At Indiana I teach courses on religion and law, the politics of religious freedom, the history and phenomenology of Christmas as a church/state event, the trial of Joan of Arc, and contemporary theories of religion.
Courses Recently Taught
- REL-C 300 Christmas: The Church-State History of the World’s Most Popular Holiday
- REL-R 662 Cross-Cultural Study of Religion
- REL-R 300The Trial of Joan of Arc
- REL 665 Interpreting Religion
Politics of Religious Freedom (editor with Elizabeth Shakman Hurd, Saba Mahmood, and Peter G. Danchin) (University Of Chicago Press, May 2015)
A Ministry of Presence: Chaplaincy, Spiritual Care, and the Law (University Of Chicago Press, 2014)
Varieties of Religious Establishment (editor with Lori Beaman) (Ashgate 2013)
After Secular Law (editor, with Robert A. Yelle and Mateo Taussig-Rubbo) (Stanford University Press, 2011)
Prison Religion: Faith-Based Reform and the Constitution (Princeton 2009)
The Impossibility of Religious Freedom (Princeton 2005)
Paying the Words Extra: Religious Discourse in the Supreme Court of the United States (Harvard 1994)
“Dialogue about Religious Freedom” (with Cécile Laborde) Quaderni di Diritto e Politica Ecclesiastica n. 1, aprile 2013.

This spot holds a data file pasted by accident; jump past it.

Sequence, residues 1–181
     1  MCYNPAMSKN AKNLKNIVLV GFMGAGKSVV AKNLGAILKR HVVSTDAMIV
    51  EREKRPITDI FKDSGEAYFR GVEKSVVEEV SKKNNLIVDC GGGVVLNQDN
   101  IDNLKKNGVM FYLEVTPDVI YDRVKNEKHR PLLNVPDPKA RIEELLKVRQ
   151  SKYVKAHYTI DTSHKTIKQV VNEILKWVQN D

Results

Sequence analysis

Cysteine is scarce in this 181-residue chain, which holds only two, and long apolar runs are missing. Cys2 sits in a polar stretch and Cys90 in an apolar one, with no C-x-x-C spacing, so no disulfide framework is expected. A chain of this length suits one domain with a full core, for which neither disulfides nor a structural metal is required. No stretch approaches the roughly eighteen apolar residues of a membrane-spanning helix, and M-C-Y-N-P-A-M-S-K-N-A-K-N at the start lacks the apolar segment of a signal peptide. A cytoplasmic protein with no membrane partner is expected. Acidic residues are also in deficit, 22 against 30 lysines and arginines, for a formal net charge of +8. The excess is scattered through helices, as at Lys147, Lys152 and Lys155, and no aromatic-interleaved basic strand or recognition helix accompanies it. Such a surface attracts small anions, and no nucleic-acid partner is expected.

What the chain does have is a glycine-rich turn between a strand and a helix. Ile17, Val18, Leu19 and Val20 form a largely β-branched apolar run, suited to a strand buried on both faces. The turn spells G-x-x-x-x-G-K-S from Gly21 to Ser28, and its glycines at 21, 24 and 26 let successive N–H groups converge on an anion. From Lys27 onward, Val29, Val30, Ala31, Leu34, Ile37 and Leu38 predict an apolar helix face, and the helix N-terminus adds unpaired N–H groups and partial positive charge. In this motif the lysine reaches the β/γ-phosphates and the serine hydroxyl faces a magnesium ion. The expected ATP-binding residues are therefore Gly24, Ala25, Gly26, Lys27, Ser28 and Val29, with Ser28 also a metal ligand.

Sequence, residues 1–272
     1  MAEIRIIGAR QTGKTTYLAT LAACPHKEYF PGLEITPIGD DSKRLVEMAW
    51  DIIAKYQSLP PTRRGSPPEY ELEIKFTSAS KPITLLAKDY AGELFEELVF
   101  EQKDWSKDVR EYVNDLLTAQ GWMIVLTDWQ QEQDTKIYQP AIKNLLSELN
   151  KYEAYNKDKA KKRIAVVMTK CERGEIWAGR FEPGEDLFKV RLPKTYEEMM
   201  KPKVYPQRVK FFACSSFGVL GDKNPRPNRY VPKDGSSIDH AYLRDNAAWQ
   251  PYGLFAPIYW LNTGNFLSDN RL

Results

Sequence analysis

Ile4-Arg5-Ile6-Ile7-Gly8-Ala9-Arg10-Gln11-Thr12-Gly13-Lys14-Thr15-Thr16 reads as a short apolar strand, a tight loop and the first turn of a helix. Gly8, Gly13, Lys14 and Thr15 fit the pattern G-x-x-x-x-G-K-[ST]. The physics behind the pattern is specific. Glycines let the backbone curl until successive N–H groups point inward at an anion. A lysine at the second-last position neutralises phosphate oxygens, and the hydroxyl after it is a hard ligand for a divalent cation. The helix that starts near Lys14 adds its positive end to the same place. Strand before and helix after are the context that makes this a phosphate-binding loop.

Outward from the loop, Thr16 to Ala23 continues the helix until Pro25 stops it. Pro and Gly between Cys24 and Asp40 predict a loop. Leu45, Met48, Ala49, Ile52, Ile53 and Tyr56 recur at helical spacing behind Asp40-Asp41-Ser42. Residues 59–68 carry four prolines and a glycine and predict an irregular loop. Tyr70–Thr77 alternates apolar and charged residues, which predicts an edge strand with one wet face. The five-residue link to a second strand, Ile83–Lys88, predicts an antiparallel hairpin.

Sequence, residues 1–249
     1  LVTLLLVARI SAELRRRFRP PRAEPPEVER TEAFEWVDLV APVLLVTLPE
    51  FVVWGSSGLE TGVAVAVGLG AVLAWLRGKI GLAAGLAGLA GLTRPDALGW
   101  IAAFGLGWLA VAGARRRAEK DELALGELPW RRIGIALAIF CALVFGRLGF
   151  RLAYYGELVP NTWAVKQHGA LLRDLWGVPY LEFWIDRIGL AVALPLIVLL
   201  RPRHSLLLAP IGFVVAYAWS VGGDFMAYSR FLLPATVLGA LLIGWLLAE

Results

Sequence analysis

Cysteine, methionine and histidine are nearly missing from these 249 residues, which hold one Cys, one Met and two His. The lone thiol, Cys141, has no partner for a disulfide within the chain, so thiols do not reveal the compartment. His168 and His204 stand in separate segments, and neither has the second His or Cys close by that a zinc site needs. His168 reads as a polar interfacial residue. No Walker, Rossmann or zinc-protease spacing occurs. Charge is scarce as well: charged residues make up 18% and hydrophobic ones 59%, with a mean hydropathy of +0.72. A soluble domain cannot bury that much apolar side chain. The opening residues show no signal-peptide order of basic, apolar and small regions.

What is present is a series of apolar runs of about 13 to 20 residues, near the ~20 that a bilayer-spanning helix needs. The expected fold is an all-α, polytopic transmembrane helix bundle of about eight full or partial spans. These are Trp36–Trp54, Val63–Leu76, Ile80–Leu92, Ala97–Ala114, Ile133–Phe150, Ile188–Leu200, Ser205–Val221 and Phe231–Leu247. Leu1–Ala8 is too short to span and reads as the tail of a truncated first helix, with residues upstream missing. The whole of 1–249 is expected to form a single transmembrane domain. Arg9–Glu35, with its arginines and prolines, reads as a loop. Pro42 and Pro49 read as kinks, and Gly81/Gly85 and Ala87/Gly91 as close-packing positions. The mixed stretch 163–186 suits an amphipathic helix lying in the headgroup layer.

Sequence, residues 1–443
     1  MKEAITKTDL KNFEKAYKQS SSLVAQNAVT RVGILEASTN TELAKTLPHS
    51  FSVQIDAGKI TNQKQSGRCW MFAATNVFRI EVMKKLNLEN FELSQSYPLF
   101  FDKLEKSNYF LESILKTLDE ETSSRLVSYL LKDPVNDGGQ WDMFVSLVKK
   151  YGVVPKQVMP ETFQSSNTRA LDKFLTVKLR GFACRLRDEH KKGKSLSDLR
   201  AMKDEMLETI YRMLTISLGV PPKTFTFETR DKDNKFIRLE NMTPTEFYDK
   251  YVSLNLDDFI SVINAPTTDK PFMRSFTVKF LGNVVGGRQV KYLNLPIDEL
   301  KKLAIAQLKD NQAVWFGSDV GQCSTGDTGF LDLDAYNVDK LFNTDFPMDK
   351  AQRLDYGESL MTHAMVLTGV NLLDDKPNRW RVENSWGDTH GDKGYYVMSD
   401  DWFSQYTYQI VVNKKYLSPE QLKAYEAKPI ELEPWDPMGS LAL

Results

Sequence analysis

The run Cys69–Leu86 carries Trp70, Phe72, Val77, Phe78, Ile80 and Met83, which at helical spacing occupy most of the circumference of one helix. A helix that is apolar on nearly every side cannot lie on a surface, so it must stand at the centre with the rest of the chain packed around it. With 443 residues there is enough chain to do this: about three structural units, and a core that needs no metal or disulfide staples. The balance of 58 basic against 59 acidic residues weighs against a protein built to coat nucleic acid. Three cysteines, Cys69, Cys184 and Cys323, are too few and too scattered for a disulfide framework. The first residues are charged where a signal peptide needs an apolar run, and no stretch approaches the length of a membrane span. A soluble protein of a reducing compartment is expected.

"Joan's Two Bodies: An Essay in Political Anthropology"; for special issue "Body and State" Social Research 78:1-18 (Summer 2011)
"The Religious Expert in American Courts" for special issue "Expertise publique et religion" Archives des Sciences Sociales des Religions (2011)
"The Conscience of Contemporary Man": Reflections on U.S. v. Seeger and Dignitatis Humanae, U.S. Catholic Historian vol. 24:107-123 (Winter 2006)
"Being Human: Negotiating Religion, Law, and Science in the Classroom and the Courtroom" in Elizabeth Mertz, William K. Ford, and Gregory Matoesian, eds., Translating the Social World for Law: Linguistic Tools for a New Legal Realism (New York: Oxford University Press, 2016).
“Imagining Law at the Newark Earthworks” for Lindsay Jones, et al, eds., The Newark Earthworks and World Heritage: One Site, Many Contexts(Charlottesville: University Press of Virginia, 2015)
“Religion, Land, and Rights: Reflections on the Park51 Controversy” in Varieties of Religious Establishment, edited by Winnifred Fallers Sullivan and Lori Beaman. (Ashgate 2013) (An earlier version of this chapter was published as an Occasional Paper on the Institute for Advanced Study website: www.ias.edu)
“Reforming Culture: Law and Religion Today” in Robert Orsi, ed., Cambridge Companion for Religious Studies (2011)
“Religion Naturalized: The New Establishment” in Courtney Bender and Pamela Klassen, eds., After Pluralism (Columbia 2010)
“Law’s Prayer: Town of Greece v Galloway” in Reverberations
“The (Im)possibility of Religious Freedom” in PluRel - en blogg om religion og samfunn
“Separationism and the Sex Abuse Crisis” in The Immanent Frame (posted 20 July 2012)
“The World that Smith Made” in The Immanent Frame (posted March 7, 2012)
“The Church” in The Immanent Frame
“Going to Law” in The Immanent Frame
“Shakeela Hassan” in Frequencies
New Books in Religion: A Ministry of Presence: Chaplaincy, Spiritual Care and the Law